For some companies, top athletes have served as a marketing tool for their wearables. As such, the opportunity for enhanced insights into stress and recovery, as well as the ability to use capsules and wrist wear, is beginning to reach a broader market. This trend is likely to continue in 2023, especially since much of the value of this business model is in the software. This allows companies like Whoop to offer a subscription to their platform that includes the hardware. This could make it more affordable for the consumer market that values ​​getting upgraded hardware as standard. In the future, packages aimed at amateur athletes and the broader wellness market will likely emerge. Consumers would appreciate the ability to take a more personalized approach to their fitness tracking, combining detachable pods, watches, performance analytics and data sharing based on their needs.

Headsets and Glasses: Preparing for the Meta-Verse

What lies beyond the smartwatch is largely determined by the future of our interactions with each other and with the Internet. It’s now standard to use a laptop, smartphone and possibly a smartwatch for activity tracking and hands-free communication if desired. But this ecosystem has been the status quo for many years and could be set for disruption.

Phone design has stagnated in recent years, and combined with post-pandemic “zoom fatigue,” there are signs that consumers are hungry for something more immersive.

This is where the concept of “meta-verse” comes into play. The development of augmented reality headsets and data glasses could one day make smartphones obsolete and take smartwatches with them. Wearable biometrics are likely to follow as society shifts to headgear for messaging, web browsing, and gaming.

AR/VR (Augmented/Virtual Reality) headsets already require motion sensors and cameras for eye tracking. Therefore, it is not difficult to envision the integration of dry electrodes across the forehead, which both collect heart rate data and measure neural signals.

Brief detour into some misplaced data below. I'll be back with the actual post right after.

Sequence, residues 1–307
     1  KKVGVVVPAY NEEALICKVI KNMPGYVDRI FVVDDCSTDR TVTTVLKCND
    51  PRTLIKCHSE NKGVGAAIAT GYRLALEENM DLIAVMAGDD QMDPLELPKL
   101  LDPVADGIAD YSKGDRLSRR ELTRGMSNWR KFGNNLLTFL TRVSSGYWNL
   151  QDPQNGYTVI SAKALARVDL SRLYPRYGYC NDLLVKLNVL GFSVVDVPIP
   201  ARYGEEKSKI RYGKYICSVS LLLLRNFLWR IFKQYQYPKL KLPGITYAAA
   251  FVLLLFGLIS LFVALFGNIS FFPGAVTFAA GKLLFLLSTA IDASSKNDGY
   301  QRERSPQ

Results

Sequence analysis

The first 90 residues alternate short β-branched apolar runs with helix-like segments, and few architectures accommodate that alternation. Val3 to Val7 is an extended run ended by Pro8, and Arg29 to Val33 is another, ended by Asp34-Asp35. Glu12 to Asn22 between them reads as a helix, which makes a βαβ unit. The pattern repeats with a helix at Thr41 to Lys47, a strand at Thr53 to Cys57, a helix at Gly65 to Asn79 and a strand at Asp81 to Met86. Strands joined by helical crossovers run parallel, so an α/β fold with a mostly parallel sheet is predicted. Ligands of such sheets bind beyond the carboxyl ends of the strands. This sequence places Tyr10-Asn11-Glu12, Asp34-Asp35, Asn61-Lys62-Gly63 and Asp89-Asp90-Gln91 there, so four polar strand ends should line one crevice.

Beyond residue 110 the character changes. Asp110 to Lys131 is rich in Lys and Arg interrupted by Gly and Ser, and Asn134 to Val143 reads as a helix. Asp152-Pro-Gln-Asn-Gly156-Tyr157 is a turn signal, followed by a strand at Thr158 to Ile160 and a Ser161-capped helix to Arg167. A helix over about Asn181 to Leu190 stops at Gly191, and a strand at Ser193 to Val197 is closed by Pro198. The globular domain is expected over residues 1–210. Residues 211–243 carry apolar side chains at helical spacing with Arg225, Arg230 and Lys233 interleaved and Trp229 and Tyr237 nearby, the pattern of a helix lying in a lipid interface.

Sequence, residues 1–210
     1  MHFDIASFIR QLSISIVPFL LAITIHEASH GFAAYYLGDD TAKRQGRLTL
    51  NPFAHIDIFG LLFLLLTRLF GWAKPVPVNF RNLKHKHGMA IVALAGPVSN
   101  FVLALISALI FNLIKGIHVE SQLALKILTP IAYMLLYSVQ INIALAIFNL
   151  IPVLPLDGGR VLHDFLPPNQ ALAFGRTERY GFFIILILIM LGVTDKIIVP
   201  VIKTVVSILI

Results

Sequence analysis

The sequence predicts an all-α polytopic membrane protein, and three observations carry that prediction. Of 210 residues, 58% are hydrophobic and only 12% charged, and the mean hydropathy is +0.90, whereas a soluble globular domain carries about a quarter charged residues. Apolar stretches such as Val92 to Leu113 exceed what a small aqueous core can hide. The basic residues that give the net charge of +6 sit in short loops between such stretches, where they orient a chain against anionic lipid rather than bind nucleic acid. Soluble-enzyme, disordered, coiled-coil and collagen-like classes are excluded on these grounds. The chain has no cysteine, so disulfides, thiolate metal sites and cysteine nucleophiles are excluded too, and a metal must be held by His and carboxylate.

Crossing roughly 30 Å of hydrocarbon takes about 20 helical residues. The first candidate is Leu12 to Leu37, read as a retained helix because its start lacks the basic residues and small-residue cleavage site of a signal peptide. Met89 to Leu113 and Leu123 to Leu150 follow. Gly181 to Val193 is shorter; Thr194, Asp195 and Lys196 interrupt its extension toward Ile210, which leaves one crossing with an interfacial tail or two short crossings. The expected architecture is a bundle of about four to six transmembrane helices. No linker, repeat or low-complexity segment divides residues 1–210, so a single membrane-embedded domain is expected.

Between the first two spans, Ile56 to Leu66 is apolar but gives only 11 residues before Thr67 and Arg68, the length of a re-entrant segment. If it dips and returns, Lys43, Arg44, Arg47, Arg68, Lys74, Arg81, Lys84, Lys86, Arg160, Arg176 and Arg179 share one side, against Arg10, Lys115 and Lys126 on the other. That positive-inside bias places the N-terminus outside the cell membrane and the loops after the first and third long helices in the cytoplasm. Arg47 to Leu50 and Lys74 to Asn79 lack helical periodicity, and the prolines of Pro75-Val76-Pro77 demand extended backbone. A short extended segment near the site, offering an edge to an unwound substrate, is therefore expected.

This kind of revolution will most likely paint a picture of the world beyond the smartwatch. However, the success of this shift is being driven by advances in display optics that are at least a few years away from reaching mass-market miniaturization levels. In the meantime, hats and data glasses have to be socially accepted. As such, intermediate products (like camera-integrated Ray-Bans) will likely continue to be launched to make them more fashionable. Likewise, gaming headsets can already be seen in a growing number of TV commercials. While they may seem unsettling to some now, society will likely be much more comfortable with them by this time next year.


The ultimate hurdle for headphones, detachable pods, and headsets is balancing data access with visualization and social acceptance. Real-time activity monitoring is a major benefit of wearables. Seeing it live on a watch is a big selling point. This feature will likely see consumers adopting new wearables, depending on connectivity with existing smartwatches. Integration into hardware of the right brand is crucial for social acceptance. The marketing challenge for manufacturers looking to appeal to a broader demographic of consumers, elite athletes and the medical market is not trivial, but it is also beyond the expertise of today’s consumer electronics kingmakers. The smartwatch will likely follow the path of the smartphone and be less impressive but still in demand. The real opportunity lies in the next generation of wearables, smartwatches will have interfaces to meet the demand for new features. This market offers much more space for new players, materials and innovations.

IDTechEx offers an extensive portfolio of technical market research reports covering many aspects of the wearable technology space. These include wearable sensors, electronic skin patches, AR/VR, e-textiles and hearing aids. IDTechEx also has related content dedicated to remote patient monitoring, diabetes management, and printed sensors. All of these reports cover the current status and expected future developments, both in terms of technical capabilities and commercial acceptance. Granular forecasts segmented by technology and application help plan future projects, while multiple company profiles based on primary interviews provide in-depth insights into key players. Also included in the reports are multiple use cases, SWOT analysis, and technological/commercial readiness assessments.

For more details and downloadable sample pages for each report, see IDTechEx website, and to learn more about IDTechEx wearable technology research, please visit